UNDER (THE) LINE
Bioremediation | Air pollution
Carried out at
Central Saint Martins
University of the Arts London
Nancy Diniz | Course Leader
Carole Collet | Professor in Design for Sustainable Futures
Victoria Geaney | Associate Lecturer Design Studios
Alice Taylor | Lecturer of Biology and Living Systems
Shem Johnson | Grow Lab Specialist Technician
Jeremy Keenan | Specialist Technician Physical Computing CSM
Igor Pantic | Digital Specialist Technician CSM
Abdul Mohammed | Digital Specialist Technician CSM
London — UK
MA Biodesign 001
UAL Showcase Portfolio
Tsinghua International Conference — Beijing, China
Isola District Design
— Milan, Italy
Fashion Crossover London
— London, UK
Future Materials Bank, part of Jan van Eyck Academie — Maastricht, The Netherlands
Climate Pioneers No. 14
Milan Design Week 2021
— Milan, Italy
Part of CSM Musem & Study collection — London, UK
Green Trail, Highly commended — by LVMH x Maison/0
Central Saint Martins Deans' Collection Award 2021
— by Academic Deans, CSM
Global Design Graduate Show, Shortlisted — by Arts Thread
Sept. 2020 — June 2021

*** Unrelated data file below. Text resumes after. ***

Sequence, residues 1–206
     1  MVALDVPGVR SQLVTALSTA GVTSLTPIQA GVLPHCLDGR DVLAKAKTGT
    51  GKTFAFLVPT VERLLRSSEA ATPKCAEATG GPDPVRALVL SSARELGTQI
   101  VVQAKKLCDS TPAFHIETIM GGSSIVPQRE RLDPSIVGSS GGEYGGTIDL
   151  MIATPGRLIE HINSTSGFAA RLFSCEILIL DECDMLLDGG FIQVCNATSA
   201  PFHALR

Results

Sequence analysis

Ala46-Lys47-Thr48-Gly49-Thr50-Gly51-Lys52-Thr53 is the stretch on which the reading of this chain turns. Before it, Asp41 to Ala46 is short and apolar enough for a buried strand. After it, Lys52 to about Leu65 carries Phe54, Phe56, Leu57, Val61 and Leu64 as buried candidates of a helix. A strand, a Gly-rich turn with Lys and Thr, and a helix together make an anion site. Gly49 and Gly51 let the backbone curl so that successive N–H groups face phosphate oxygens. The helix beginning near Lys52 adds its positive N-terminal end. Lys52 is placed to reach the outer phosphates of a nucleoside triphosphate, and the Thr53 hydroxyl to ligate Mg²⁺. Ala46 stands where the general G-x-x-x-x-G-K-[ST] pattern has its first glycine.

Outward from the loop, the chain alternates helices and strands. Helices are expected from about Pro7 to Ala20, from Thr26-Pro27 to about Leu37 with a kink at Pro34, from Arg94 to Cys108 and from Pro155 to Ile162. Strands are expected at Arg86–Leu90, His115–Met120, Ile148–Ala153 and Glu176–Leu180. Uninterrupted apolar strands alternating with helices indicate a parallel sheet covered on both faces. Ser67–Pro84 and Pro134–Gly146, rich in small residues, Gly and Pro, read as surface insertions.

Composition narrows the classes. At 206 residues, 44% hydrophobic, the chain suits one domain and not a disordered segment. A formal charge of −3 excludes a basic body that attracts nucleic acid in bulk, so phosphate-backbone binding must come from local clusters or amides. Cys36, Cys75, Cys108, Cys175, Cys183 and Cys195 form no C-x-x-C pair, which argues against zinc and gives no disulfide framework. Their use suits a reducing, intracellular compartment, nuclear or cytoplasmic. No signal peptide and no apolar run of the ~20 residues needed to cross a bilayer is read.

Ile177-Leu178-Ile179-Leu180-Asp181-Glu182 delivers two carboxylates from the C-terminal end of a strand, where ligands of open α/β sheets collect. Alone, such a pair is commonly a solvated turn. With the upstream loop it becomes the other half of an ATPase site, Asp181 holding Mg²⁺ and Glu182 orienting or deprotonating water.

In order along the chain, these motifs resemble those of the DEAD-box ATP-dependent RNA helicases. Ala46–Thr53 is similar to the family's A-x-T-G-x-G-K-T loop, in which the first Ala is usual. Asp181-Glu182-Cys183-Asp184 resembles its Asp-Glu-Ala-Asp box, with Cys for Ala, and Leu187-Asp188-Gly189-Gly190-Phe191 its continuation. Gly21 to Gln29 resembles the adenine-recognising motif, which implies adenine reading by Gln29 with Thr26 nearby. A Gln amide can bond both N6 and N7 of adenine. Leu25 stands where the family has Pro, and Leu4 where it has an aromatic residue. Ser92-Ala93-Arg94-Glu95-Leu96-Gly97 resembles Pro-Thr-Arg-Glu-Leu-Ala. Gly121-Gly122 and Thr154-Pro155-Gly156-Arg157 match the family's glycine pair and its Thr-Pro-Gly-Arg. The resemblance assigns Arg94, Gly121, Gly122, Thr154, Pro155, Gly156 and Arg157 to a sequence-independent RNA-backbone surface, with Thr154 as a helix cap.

Bioremediating air pollution in indoor public and urban spaces through a self-sufficient filtration system able to reuse volatile pollutants as a resource for a new type of pigment.
At the intersection of biomimicry, material science, new systems thinking and regenerative design, this project aims at bioremediating air pollution in London Underground stations. This has led to a design which goes beyond the filtering process towards bioremediating air pollution as a resource for the creation of a new type of pigment. Through a self-sufficient filtration system, the urban furniture proposed and the pollution it can store are reusable as pastels.
The project relies on technology and organic chemistry. By evolving a design solution within the context of a bio-circular economy, the process only uses local, renewable and bio-based resources. At the nanoscale, the innovative resulted material is capable of capturing and storing air pollutants through a phenomenon called physical adsorption.
To shape it, I worked on a parametric and computational design to propose a lattice structure specifically dedicated to Underground stations. In that sense, the structure is modular and scalable according to how polluted the surrounding environment is. After being suspended for two months in Underground stations, the furniture is ready to be deconstructed and sold as pastels.
Pastels made from London Underground's air pollution | Pastels format: 10 x 1 cm | Packaging format: 11.5 x 6.5 x 6 cm | Structure format: 80 x 50 x 60 cm.
Bio-circular system thinking.
Making process, set up in the London Underground, final output.
Awareness campaign printed on recycled metro newspapers.